Wales

Arriva and FGW services resume in south Wales after lightning strikes

An Arriva Trains Wales train
Image caption The double lightning strike has had a knock-on effect on Arriva's Valley Lines services

Rail services across south Wales are returning to normal for the evening rush hour after engineers fixed signal failures caused by a lightning strike.

The double lightning strike early on Wednesday initially closed the track between Cardiff and Bridgend.

It brought more than 24 hours' delay and disruption to First Great Western services west of Cardiff with a knock-on effect for Valley Lines services.

Network Rail said the damage has been repaired and normal schedules resumed.

A spokeswoman said: "Damaged signalling equipment on the railway near Miskin has been fully repaired with normal timetable being re-implemented.

"Whilst there will still be some minor delays as the services ease back, passengers should expect full services between Cardiff and Bridgend before the peak travel period starts."

The resumption of normal services marks the end of more than 24 hours of delays and disruption for thousands of rail passengers across the region.

It had been hoped damage to signal equipment in the Llantrisant area at about midnight on Wednesday would have been repaired by 04:00 GMT on Thursday.

Arrive Trains Wales (ATW) said Network Rail and BT engineers had worked through the night, but the problem had not been fixed when Thursday morning's rush hour began.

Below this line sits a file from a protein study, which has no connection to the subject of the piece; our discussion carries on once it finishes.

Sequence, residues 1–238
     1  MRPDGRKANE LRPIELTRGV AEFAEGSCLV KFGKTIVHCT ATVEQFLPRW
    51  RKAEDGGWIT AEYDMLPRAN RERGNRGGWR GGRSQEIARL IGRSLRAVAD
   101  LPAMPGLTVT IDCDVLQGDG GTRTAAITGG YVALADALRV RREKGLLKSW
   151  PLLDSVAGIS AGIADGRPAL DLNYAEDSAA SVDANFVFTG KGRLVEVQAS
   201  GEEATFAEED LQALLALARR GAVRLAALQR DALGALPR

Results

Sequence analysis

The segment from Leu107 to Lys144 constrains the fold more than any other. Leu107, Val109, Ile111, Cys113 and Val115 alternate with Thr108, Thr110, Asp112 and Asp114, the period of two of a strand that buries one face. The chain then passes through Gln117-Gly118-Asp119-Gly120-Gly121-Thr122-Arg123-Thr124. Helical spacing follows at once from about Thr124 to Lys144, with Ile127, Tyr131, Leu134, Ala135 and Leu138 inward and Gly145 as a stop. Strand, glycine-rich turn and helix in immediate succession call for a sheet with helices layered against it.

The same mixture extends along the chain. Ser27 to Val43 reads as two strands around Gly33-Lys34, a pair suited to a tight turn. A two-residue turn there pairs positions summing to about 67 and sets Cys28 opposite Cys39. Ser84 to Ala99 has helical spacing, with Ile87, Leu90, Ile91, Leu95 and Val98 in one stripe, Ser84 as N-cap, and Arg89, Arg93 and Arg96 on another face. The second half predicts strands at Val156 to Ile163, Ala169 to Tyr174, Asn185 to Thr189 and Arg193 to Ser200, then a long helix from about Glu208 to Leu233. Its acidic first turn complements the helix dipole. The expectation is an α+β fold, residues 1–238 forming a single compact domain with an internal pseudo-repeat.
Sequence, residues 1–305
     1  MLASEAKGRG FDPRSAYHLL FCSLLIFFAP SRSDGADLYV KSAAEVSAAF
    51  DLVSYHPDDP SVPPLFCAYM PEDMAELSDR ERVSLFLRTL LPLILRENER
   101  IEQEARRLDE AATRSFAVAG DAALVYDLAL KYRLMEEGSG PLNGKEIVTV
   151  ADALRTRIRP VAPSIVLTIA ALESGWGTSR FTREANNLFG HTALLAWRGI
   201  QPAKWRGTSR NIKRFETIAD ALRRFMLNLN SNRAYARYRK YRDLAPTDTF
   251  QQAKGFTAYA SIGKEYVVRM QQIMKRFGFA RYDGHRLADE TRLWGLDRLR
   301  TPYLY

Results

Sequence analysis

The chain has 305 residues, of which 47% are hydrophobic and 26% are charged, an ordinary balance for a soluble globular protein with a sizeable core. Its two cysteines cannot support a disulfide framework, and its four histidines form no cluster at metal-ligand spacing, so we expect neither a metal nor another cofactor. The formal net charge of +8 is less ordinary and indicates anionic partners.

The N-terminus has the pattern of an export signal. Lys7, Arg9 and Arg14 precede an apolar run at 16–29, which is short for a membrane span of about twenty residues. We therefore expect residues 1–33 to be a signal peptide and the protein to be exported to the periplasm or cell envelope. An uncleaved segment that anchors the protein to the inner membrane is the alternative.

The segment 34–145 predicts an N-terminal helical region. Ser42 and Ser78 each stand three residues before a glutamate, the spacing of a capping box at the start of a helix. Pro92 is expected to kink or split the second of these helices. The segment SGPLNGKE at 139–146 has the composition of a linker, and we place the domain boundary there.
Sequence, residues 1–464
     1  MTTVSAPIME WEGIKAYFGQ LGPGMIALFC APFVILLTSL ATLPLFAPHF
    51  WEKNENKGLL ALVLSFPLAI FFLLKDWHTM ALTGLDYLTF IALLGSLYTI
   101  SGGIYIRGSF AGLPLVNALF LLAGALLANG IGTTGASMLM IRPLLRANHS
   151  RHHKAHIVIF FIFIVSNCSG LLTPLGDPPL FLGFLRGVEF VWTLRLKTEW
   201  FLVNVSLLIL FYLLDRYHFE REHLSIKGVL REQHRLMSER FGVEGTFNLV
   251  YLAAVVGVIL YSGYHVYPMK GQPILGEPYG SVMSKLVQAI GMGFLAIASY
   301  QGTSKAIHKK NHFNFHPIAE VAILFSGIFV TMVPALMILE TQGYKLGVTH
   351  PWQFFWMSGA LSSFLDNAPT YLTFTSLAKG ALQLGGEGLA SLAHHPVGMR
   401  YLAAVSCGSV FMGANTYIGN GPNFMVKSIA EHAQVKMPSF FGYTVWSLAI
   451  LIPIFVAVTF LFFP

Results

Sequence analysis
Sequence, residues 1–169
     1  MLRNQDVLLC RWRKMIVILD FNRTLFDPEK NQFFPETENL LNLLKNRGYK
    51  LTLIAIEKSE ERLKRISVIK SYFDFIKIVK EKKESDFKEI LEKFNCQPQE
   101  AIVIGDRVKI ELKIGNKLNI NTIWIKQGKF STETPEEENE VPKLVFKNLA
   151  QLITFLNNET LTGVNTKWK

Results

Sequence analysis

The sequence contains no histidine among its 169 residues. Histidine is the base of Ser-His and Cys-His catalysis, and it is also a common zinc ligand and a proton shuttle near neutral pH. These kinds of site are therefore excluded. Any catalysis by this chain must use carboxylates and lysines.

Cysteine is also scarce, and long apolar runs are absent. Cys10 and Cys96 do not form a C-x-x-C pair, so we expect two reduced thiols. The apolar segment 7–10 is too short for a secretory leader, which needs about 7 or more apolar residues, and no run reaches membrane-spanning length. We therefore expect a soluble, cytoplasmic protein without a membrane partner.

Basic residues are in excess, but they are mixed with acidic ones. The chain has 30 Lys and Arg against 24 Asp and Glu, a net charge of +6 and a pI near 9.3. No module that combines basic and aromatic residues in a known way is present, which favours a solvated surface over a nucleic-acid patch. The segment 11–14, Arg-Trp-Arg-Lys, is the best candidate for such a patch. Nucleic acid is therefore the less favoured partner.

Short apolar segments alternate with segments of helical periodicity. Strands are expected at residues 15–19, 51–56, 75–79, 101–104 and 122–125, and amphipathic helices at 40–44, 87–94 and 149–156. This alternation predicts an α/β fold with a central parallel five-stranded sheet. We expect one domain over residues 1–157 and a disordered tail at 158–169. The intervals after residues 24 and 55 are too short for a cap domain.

As a result the line between Cardiff and Bridgend remained closed, and an emergency train plan introduced.

All normal Bridgend to Cardiff services via the Vale of Glamorgan were cancelled and replaced by the Manchester to Carmarthen/Milford services, which were diverted via the Vale of Glamorgan line, calling at Rhoose, Llantwit Major and Barry.

The emergency plan was brought in after ATW reported severe delays on five of the company's Valley Lines services during Wednesday evening's rush hour.

Delays affected passengers travelling on First Great Western (FGW) services as far west as Pembrokeshire as well as those travelling through Cardiff Central on Arriva services.

Network Rail - which owns and operates the railways - had earlier said its engineers had been working round the clock since the incident and to restore services.

Temporary signals were put in place to allow some trains through Cardiff and Bridgend on Wednesday.

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